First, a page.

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Has anyone ever seen the shipping crates that the dealer receives TW's in? They come two to a crate, and I'm interested in the layout and how Yamaha fits the wheels, handlebars, etc. for shipping.



We want to ship our bikes to Chicago then ride Route 66 back home to California. Bike shippers get around $700 per bike in their fancy trailers. I'm considering shipping them as regular freight, crated up and partially assembled.
 

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I second this question. Bike shipping companies will take you to the bank. This would be a fantastic idea!


Ok. I called the local dealer and explained the situation.



He says they're shipped side-by-side, facing opposite directions on the pallet, with the front wheel, fender and turn signals removed. Handlebars are out of their clamps and secured off to the side and the forks turned. Should make a fairly small package, fairly easy to re-assemble on the other end. Pop the front wheel and fender back on, gas and oil, and go. Shippers will probably want all fluids removed.



Really makes you wonder how some of them get away with charging $600 for setup. LOL. 30 minute job, no?
 

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They also have a cross brace that bolts to the handlebar clamps. That keeps the bike from swaying from side to side.I'm thinking something that can be cobbled together from flat stock and 2x4's will do a fine job or better yet see if the dealer will let you have one as we used to do.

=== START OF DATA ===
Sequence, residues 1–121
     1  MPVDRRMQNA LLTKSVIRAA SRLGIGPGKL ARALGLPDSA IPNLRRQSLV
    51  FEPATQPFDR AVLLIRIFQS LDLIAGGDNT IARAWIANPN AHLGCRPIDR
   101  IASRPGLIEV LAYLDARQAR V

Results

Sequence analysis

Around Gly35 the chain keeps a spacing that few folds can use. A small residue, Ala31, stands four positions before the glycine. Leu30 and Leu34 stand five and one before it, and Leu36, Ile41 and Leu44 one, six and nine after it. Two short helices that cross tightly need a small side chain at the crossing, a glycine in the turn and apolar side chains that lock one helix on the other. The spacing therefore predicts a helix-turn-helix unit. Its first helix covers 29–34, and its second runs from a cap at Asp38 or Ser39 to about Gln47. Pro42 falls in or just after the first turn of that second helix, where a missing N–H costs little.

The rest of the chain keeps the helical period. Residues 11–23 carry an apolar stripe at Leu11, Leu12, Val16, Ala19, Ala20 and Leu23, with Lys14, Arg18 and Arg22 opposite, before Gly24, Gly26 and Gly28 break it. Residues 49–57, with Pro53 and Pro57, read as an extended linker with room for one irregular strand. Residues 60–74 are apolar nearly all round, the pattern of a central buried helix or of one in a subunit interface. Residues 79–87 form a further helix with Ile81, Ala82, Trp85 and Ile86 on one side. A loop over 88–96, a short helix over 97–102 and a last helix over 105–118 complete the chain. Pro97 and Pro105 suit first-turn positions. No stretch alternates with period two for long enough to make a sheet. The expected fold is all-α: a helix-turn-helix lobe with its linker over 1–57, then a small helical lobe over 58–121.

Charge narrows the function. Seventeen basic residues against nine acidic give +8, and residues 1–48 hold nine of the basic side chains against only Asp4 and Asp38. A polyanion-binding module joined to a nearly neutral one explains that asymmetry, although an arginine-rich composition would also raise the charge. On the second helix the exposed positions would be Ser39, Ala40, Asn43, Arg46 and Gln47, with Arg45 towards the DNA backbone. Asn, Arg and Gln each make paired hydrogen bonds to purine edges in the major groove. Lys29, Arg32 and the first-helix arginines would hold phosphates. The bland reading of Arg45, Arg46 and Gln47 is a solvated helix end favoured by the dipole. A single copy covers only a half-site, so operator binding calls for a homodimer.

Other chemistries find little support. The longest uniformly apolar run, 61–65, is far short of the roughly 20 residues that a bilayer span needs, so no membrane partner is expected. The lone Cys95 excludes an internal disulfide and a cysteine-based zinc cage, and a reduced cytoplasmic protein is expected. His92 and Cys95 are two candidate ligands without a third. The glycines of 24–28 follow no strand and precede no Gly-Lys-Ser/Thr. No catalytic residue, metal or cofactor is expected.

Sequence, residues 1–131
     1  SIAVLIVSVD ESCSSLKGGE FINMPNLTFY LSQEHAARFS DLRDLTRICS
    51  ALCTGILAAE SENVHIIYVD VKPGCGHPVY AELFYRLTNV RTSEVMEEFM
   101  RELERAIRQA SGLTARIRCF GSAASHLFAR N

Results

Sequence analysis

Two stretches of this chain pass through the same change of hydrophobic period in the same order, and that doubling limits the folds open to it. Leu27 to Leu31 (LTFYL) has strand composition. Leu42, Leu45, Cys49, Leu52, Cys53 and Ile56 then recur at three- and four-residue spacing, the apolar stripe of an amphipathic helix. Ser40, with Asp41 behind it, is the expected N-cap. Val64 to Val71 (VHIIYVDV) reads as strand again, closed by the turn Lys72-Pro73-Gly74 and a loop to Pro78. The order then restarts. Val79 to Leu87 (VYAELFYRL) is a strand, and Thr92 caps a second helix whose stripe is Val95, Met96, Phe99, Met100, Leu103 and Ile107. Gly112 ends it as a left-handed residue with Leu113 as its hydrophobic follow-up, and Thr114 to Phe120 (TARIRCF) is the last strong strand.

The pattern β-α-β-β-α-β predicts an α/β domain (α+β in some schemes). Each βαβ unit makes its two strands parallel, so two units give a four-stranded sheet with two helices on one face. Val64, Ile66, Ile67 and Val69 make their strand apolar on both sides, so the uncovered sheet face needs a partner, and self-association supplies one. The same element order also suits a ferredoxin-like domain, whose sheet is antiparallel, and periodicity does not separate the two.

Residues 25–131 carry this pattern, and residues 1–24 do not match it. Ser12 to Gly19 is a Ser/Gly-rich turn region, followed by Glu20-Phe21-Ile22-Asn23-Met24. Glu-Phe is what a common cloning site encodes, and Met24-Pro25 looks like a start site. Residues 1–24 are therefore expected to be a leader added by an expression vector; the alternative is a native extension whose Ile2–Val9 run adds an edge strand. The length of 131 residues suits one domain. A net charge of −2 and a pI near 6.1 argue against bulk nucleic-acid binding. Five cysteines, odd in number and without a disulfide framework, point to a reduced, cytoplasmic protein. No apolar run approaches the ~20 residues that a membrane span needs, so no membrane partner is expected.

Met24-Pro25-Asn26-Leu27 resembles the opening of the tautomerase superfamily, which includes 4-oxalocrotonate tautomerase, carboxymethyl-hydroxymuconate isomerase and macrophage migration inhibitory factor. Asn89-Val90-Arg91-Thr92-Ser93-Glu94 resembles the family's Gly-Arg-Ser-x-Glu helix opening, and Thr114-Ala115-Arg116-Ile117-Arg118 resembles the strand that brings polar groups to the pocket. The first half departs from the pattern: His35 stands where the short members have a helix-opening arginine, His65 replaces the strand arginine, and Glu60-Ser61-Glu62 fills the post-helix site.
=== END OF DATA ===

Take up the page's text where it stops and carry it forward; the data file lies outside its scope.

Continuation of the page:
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Need a place to assemble your bikes I'm an hour and a half south of Chicago and about forty miles from 66.
 

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Has anyone ever seen the shipping crates that the dealer receives TW's in? They come two to a crate, and I'm interested in the layout and how Yamaha fits the wheels, handlebars, etc. for shipping.



We want to ship our bikes to Chicago then ride Route 66 back home to California. Bike shippers get around $700 per bike in their fancy trailers. I'm considering shipping them as regular freight, crated up and partially assembled.


If you pull the forks out the triple clamp and remove the handle bars a TW would pack down quite small,like this one.

http://www.motorcycle-usa.com/photogallerys/Shipping07-Large.jpg

Oh bugger wrong picture. But you get the idea.
 

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Discussion Starter #8
Need a place to assemble your bikes I'm an hour and a half south of Chicago and about forty miles from 66.


Thank you, sir. We may take you up on that offer once we get this worked out.



Greatly appreciate the offer. I love this place.